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Obit: Banjo Player Buzz Busby

08 Jan 03 - 05:27 PM (#861975)
Subject: Obit: Banjo Player Buzz Busby
From: Banjer

I found this on the newsgroup a while ago.

Buzz's bands included notable Banjo pickers Eddie Adcock, Don Stover
and Bill Emerson. His band members eventually started the very
successful Bluegrass group "The Country Gentlemen.


By Adam Bernstein
Washington Post Staff Writer
Wednesday, January 8, 2003

Buzz Busby, 69, an acclaimed bluegrass mandolinist, songwriter and
bandleader who helped Washington develop a reputation as a bluegrass
center in the 1950s and spent a lifetime wrestling with an addiction
to alcohol and drugs, died of cardiac arrest Jan. 5 at the Forest
Haven nursing home in Catonsville, Md.

Mr. Busby also had Parkinson's disease and diabetes, and was largely
sidelined from his career since undergoing a quintuple bypass
operation in 1990.

Mr. Busby, who led the Bayou Boys band in the 1950s, was considered a
local bluegrass pioneer and specialized in the "high lonesome" sound
popularized by Bill Monroe -- a traditional, fast-paced music with
which Mr. Busby found favor on television and area clubs.

"They were the band that got bluegrass started in Washington," said
Tom Mindte, 45, a bluegrass mandolinist who leads the group the
Patuxent Partners. "He made Washington a bluegrass hub because of his
popularity, mainly."

The Bayou Boys appeared regularly on "The Hayloft Hoedown," an evening
program on WRC-TV, and also on "Louisiana Hayride," aired from
Shreveport, La. The band performed often at such places as the Pine
Tavern in Washington.

A car accident in 1957, in which the ambulance driver mistakenly
pronounced him dead, left him hospitalized for weeks. In the meantime,
members of the Bayou Boys wanted to keep their engagements and formed
what became the core of the Country Gentlemen, one of the legendary
proponents of "newgrass," or modern bluegrass.

After recuperating, Mr. Busby turned to songwriting. He wrote such
bluegrass standards as "Cold and Windy Night," "Lost," "This World's
No Place to Live, But It's Home," "Lonesome Wind" and "Blue Vietnam

Among his most famous was "Just Me and the Jukebox," which includes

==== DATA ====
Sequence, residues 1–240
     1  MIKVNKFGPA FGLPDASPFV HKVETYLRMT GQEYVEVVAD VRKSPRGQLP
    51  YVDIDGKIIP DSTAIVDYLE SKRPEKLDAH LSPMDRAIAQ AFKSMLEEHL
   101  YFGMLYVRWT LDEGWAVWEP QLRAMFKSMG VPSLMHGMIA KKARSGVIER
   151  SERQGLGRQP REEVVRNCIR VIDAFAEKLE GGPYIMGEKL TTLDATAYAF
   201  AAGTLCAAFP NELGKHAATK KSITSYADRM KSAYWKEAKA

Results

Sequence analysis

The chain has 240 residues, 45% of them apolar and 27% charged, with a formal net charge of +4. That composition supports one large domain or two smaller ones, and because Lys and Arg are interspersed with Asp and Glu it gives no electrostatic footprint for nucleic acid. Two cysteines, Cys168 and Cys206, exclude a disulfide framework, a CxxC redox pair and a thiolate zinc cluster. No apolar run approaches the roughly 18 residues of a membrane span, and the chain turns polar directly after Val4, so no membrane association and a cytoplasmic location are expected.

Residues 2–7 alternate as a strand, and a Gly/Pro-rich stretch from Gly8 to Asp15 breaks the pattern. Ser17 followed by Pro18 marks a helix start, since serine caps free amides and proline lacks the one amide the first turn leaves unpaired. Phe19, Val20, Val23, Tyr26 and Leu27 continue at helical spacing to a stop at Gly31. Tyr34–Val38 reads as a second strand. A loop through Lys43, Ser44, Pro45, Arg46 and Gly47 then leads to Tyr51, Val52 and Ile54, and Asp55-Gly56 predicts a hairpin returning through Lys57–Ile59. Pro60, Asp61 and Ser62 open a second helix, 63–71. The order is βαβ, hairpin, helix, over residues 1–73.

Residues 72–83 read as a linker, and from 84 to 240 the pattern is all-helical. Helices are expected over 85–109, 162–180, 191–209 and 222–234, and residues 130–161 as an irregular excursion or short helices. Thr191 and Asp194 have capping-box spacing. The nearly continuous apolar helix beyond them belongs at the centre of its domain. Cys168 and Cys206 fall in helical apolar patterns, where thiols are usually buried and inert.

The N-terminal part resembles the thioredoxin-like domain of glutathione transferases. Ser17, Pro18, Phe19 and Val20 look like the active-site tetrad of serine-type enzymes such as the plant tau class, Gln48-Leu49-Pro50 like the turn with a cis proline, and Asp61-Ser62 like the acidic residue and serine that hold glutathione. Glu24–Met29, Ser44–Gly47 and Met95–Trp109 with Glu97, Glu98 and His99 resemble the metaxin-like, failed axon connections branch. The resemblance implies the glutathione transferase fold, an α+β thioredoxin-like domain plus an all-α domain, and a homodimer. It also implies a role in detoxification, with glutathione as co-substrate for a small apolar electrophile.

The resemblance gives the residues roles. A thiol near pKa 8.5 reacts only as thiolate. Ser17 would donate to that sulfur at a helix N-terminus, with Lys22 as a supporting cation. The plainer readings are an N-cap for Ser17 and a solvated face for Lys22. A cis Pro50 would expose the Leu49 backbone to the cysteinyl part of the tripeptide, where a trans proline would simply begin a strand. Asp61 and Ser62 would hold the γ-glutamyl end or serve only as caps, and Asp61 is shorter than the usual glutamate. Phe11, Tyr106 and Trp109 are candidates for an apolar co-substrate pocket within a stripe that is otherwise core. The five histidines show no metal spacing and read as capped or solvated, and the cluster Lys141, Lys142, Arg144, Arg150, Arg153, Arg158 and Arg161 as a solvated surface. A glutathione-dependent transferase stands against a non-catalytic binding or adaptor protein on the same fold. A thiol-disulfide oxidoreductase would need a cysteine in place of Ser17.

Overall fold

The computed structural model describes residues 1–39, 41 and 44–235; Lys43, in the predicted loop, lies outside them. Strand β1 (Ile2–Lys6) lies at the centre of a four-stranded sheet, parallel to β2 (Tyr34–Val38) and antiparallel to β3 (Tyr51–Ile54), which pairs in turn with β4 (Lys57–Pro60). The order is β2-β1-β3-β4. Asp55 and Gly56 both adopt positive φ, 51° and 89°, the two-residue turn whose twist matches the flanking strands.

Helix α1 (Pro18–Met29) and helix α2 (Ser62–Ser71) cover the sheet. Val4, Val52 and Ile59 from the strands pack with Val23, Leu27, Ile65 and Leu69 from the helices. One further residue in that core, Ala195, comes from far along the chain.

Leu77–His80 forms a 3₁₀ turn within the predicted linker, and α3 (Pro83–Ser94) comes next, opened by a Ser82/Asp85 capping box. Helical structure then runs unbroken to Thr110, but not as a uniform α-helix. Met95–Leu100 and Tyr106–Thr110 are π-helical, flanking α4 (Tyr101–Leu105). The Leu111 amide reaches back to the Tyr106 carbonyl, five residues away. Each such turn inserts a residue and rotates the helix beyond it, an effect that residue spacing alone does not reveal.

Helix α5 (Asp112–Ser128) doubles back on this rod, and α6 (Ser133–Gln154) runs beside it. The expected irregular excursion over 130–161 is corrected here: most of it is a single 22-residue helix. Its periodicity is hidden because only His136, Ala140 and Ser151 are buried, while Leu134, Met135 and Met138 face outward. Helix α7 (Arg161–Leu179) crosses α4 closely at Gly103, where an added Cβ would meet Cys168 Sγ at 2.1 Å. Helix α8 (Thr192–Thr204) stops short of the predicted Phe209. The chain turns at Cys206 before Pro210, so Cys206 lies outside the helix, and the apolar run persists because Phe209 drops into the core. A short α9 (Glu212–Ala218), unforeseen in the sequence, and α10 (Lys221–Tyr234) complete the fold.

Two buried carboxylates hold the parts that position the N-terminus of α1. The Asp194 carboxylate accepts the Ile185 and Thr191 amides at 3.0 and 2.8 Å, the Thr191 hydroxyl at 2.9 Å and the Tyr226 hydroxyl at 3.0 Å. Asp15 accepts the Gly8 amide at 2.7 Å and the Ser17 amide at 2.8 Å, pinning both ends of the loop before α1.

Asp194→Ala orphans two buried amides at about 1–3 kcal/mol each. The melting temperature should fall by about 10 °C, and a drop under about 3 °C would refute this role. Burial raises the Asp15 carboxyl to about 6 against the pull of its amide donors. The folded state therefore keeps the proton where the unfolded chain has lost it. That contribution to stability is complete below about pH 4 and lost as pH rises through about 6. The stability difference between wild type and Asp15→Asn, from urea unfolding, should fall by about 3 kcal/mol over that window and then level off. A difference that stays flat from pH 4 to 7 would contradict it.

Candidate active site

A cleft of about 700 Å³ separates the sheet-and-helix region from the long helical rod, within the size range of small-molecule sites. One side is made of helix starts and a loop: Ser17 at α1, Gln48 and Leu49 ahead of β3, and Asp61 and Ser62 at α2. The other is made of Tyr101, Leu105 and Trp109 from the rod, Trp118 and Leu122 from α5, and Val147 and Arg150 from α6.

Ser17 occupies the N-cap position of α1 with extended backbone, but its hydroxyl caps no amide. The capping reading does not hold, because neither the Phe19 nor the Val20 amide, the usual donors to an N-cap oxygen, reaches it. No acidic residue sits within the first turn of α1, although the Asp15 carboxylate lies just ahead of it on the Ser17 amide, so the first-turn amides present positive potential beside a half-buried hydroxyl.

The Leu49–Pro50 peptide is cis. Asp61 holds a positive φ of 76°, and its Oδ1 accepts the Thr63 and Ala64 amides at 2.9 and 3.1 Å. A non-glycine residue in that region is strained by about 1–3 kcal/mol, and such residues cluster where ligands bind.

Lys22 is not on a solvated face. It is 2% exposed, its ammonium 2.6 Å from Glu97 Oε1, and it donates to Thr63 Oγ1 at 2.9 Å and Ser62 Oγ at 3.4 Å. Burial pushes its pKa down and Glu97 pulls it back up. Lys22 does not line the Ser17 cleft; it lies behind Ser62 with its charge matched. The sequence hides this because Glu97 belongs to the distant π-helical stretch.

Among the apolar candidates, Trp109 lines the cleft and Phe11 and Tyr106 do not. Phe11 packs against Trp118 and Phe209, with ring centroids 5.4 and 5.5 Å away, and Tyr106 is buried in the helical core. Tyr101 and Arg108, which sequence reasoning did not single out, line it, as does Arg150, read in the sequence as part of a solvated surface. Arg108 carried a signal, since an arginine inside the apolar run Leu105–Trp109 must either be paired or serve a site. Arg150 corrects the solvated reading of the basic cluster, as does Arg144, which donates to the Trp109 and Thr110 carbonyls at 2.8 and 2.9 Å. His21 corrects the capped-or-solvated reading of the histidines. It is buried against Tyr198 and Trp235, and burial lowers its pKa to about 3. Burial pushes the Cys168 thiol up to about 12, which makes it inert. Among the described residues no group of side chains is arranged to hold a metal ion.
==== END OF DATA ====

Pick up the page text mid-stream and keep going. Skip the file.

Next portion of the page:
the lines:

"Just me and the jukebox to pass the time away,

Just me and the jukebox, who knows the price I paid.

A glass of wine to ease my mind since we've been apart,

Just me and the jukebox, who knows my broken heart."

Jerry Garcia and the Johnson Mountain Boys were among those who
recorded his songs.

About 1960, Mr. Busby began his descent into alcohol and drug abuse.

His marriage unraveled. He spent time in jail.

"He would try hard" to overcome his additions, "and he'd experience
recidivism," said his brother Wayne Busbice, a guitarist and singer.
"He couldn't keep a group together after that."

Mr. Busby continued to perform and received new notice when Wayne
Busbice started a record company that issued new recordings with his

Mike Joyce, reviewing the release "Louisiana Grass" for The Washington
Post in 1986, wrote: "As always, it's Buzz's tremolo-humming mandolin
style that stands out most, but the singing is heartfelt, the playing
surefooted and the songs almost always worth hearing again."

Mr. Busby was born Bernarr Graham Busbice and was one of nine siblings
to grow up on a farm in Eros, La. He learned guitar and mandolin from
his brother Wayne.

A high school valedictorian, Mr. Busby was recruited by the FBI in the
early 1950s. He did fingerprinting work at the agency while attending
George Washington University.

He was so successful musically that he gave up the FBI and college to
devote himself to music.

He worked in a duo called Buzz & Jack with songwriter and guitarist
Jack Clement, who became a major record producer in Nashville.

Then came the Bayou Boys. Among those who performed in the group was
banjoist Don Stover, guitarist Charlie Waller, singer and guitarist
Pete Pike, bassist Lee Cole, banjoists Bill Emerson and Eddie Adcock,
and fiddler John Hall.

After the car accident, the Country Gentlemen formed with Waller,
Emerson, mandolinist John Duffey and bassist Tom Gray.

Mr. Busby's marriage to Patricia Padgett Busby ended in divorce.

Besides his brother Wayne of Wesley Chapel, Fla., survivors include
two sons, Timothy Busbice of Westlake Village, Calif., and Glenn
Busbice of Huntington Beach, Calif.; another brother; two sisters; and
two grandchildren

08 Jan 03 - 06:34 PM (#862021)
Subject: RE: Obit: Banjo Player Buzz Busby
From: GUEST,MTed

Thanks for sharing this with us, Banjer--

08 Jan 03 - 07:10 PM (#862059)
Subject: RE: Obit: Banjo Player Buzz Busby
From: Banjer

I had banjo on the brain when I typed the thread title!! I should have said mandolin player. If a Joe Clone would please go and change the title I would appreciate it. And if one does might just wipe out this message. Thanks

09 Jan 03 - 11:06 AM (#862637)
Subject: RE: Obit: Banjo Player Buzz Busby
From: Fortunato

Home of the Patuxent Partners

Buzz Busby was Tom Mindte's mentor on the mandolin and in Bluegrass in general when he was available. Tom was his champion and a good friend to Buzz when he wasn't doing so well. Tom and I have been friends and partners in other bands over the years, but the not the 'partners. It's a fine traditional bluegrass band. Check them out if you want to see and hear Buzz Busby's tradition surviving. cheers, Chance

09 Jan 03 - 11:48 AM (#862695)
Subject: RE: Obit: Banjo Player Buzz Busby
From: Rick Fielding

Thanks for the info. I never got to see Buzz live, but the stories are legion. He was quite the hell-raiser. I recorded the song "This World's No Place to Live in But It's Home" back in 1975 on an album called "Solo", but apparently mis-credited it. Didn't know until now that Buzz had written it. I thought it was a John Duffy song.